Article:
The first-round questionnaire was developed based on the results of the literature review and was structured into the sections of epidemiology, impact on quality of life, clinical management (diagnosis and follow-up), treatment and main unmet needs of patients with NASH F3-F4 fibrosis in Spain. The second-round questionnaire was designed on the basis of the analysis of the data obtained in the first round and focused on reaching greater agreement on the questions where there was a larger dispersion of responses during the first round. The study was conducted online from January to July 2022.

Statistical analysis

Data analysis was performed using descriptive statistics.22 The distribution of responses for quantitative variables was determined by means of the Shapiro-Wilk and Kolmogorov-Smirnov tests of normality.23 In cases with a large dispersion of responses, results were presented including median and interquartile range (IQR).22,23 An outlier analysis was performed to detect and validate results above or below 1.5 times the IQR.24 The qualitative variable analysis was carried out by expressing the percentage of experts who selected each response option. Agreement was reached when at least 80% of the experts agreed with the answer, as indicated in the Delphi methodology.19,20 Dispersion in responses to quantitative questions was defined as a coefficient of variation (CV = standard deviation [SD]/mean) greater than 1, and in qualitative questions when fewer than 80% of respondents agreed in their answer. The first-round questionnaire included 73 questions and the second-round questionnaire 15 questions, which were those where dispersion was identified in the first-round results. Statistical analysis was performed with the IBM® SPSS® Statistics software program, version 28.0.

Epidemiology was estimated from the number of prevalent and incident patients diagnosed with NASH according to the stage of fibrosis currently managed in the Gastroenterology Department of each of the participating hospitals. Fibrosis stages were classified as significant fibrosis (F2-F4), F3-F4 and cirrhosis (F4), according to the latest clinical guidelines.16,25 The diagnosis of NASH-associated fibrosis was made through clinicians' suspicion following non-invasive testing, or a confirmatory liver biopsy. Estimates at a national level were obtained by extrapolating hospital data to the Spanish population, using the most recent data available from the Instituto Nacional de Estadística (INE) [National Statistics Institute].26

ResultsEpidemiology

Approximately half of the experts (56%) reported having a specific registry to compile cases of patients with a diagnosis of NASH at their hospital. However, the available data is limited; 15% considered they could not estimate the prevalence at their hospital and 46% that they could not estimate the incidence. The epidemiological data provided by the experts are shown in Table 1. The estimated prevalence of patients diagnosed with NASH-associated F2–F4 fibrosis is 0.033% (95% CI 0.032−0.034%) of the Spanish adult population, representing a prevalence rate of 33.0 (95% CI 31.9−34.1) patients per 100,000 adults. The estimated prevalence of NASH-associated F3–F4 fibrosis is 0.019% (95% CI 0.019−0.020%), representing a prevalence rate of 19.4 (95% CI 18.6−20.3) patients per 100,000 adults, and the prevalence of NASH-associated F4 is estimated at 0.010% (95% CI 0.009−0.010%), corresponding to a prevalence rate of 9.8 (95% CI: 9.3−10.4) patients per 100,000 adults. Considering the data available for the Spanish adult population at the time of the study (July 2020: 39,080,614 population aged ≥18),26 this means that, by fibrosis grade, there are approximately 12,885 adult patients diagnosed with F2–F4 fibrosis, 7588 with F3–F4 fibrosis and 3841 with F4 fibrosis associated with NASH currently in the Gastroenterology Departments of Spanish hospitals. About 51% of these patients may have had a confirmatory liver biopsy.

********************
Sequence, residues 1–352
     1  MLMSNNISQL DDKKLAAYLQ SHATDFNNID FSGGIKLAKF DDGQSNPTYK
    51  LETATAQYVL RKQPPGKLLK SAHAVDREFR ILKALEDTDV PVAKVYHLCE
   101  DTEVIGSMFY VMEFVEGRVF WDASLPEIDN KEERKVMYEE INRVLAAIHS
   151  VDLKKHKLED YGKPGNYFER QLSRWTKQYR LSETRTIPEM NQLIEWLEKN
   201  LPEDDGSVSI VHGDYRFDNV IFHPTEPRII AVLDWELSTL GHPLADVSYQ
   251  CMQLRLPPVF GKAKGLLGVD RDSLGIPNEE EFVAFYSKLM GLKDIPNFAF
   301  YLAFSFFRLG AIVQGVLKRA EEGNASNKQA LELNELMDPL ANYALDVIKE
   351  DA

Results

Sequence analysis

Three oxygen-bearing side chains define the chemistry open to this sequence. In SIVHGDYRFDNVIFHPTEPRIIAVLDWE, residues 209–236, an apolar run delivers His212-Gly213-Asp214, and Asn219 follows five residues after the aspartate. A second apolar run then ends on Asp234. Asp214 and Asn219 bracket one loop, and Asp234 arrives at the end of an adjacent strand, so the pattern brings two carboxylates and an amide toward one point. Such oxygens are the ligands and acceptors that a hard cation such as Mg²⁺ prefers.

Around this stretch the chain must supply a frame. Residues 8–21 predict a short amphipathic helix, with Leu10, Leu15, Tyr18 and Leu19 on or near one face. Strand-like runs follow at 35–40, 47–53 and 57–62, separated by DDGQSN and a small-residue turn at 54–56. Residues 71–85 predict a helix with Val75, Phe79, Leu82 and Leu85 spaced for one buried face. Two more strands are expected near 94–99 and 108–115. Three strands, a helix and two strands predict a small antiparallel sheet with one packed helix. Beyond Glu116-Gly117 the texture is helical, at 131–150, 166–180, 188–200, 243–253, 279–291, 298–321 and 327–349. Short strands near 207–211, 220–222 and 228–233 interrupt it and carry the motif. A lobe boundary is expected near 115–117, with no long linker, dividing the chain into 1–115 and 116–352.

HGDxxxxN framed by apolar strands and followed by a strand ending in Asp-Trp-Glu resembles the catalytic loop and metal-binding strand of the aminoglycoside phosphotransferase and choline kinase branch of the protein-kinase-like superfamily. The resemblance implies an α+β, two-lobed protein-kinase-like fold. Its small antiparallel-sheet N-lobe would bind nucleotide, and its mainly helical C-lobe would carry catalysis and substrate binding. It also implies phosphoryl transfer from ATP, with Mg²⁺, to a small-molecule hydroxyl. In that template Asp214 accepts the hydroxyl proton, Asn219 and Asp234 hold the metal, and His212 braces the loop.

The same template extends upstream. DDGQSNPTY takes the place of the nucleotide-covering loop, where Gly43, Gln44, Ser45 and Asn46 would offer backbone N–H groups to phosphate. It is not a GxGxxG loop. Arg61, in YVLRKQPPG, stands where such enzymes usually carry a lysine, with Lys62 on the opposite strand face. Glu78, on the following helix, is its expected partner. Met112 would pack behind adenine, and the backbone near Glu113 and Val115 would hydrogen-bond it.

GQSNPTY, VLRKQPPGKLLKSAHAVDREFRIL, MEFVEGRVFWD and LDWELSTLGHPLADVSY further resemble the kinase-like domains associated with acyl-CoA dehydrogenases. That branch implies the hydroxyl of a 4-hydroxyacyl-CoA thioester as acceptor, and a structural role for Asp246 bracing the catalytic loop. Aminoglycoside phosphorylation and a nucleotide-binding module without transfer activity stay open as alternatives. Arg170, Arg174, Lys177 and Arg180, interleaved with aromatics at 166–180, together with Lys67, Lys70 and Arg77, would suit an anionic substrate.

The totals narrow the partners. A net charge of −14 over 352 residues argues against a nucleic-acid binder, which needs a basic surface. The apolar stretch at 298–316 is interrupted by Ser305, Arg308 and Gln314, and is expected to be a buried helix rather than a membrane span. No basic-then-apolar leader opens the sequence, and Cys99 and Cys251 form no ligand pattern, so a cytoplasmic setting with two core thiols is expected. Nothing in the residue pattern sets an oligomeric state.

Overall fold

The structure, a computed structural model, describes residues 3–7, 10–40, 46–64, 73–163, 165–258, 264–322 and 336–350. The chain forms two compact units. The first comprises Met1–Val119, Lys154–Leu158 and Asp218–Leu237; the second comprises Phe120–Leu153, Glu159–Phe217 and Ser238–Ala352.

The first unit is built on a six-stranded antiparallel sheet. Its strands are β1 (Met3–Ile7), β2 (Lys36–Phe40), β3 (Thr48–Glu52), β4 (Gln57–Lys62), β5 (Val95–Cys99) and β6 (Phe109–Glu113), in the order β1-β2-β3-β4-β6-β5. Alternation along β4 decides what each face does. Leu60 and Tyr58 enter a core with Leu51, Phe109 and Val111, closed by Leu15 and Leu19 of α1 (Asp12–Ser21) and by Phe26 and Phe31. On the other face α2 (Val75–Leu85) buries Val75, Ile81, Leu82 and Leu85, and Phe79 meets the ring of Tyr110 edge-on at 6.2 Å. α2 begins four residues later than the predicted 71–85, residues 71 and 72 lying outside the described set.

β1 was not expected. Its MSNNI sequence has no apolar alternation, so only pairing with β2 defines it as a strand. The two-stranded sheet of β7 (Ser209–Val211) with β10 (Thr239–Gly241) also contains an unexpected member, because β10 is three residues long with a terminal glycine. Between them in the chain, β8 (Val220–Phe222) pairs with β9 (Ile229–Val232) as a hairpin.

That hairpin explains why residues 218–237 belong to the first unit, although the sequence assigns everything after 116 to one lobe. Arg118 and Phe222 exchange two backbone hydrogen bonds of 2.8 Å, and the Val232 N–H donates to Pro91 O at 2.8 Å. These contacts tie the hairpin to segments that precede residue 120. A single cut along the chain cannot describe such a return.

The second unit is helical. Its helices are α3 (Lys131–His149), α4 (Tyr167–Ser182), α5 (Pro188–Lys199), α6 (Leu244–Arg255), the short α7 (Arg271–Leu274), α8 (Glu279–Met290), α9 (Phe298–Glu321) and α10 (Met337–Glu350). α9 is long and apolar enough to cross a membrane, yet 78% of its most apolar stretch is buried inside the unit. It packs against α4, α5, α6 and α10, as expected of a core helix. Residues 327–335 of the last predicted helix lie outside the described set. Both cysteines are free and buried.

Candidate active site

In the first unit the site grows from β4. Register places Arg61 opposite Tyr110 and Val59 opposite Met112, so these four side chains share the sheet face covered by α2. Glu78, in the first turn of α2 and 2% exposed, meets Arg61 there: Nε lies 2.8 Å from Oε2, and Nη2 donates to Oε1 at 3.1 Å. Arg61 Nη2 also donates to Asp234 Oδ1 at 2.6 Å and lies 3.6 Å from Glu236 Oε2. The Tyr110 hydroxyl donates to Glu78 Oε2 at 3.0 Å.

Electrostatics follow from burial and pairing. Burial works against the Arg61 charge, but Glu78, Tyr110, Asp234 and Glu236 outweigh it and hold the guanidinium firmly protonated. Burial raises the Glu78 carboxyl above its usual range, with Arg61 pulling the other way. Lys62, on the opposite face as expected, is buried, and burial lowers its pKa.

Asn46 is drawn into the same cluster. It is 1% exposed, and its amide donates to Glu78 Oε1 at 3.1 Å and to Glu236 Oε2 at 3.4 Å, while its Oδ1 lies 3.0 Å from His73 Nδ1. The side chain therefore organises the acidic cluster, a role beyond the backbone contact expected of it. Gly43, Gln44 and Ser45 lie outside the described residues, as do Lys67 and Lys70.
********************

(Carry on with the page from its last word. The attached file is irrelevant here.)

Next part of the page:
Table 1.

Estimated prevalence and incidence of patients diagnosed with NASH in Spain by fibrosis stage.

NASH by fibrosis stage  Prevalence rate per 100,000 adults (95% CI)  Estimated number of diagnosed patients  Annual incidence rate per 100,000 adults (95% CI)  Estimated number of new patients diagnosed per year 
Significant fibrosis (F2-F4) associated with NASH  33.0 (31.9−34.1)  12,885  7.8 (7.2−8.5)  3051 
Advanced fibrosis (F3-F4) associated with NASH  19.4 (18.6−20.3)  7588  4.8 (4.3−5.4)  1881 
Cirrhosis (F4) associated with NASH  9.8 (9.3−10.4)  3841  2.5 (2.1−2.9)  958 

CI, confidence interval; NASH, non-alcoholic steatohepatitis.

The incidence of NASH by fibrosis stage was also estimated. Incidence rates per 100,000 adults per year are 7.8 (95% CI 7.2−8.5) for NASH-associated F2-F4 fibrosis, 4.8 (95% CI 4.3−5.4) for NASH-associated F3–F4 fibrosis and 2.5 (95% CI 2.1−2.9) for NASH-associated F4. This means that approximately 3051 new adult patients with F2–F4 fibrosis, 1881 with F3-F4 fibrosis and 958 with F4 associated with NASH are diagnosed each year.

Impact on quality of life

There was agreement among experts (98%) that quality of life is affected in patients with NASH F3-F4 fibrosis. Over and above other comorbidities, the stage of fibrosis is the main factor determining the impact on quality of life, and this impact becomes greater as the disease progresses. Asthenia, mobility problems, anxiety and depression are the main factors affecting quality of life in these patients with NASH. Despite the clear impact, most experts (98% agreement) stated that they do not routinely assess the effect of NASH-associated F3-F4 fibrosis on patients' quality of life in any standardised way in their usual clinical practice, mainly due to lack of time (88% agreement).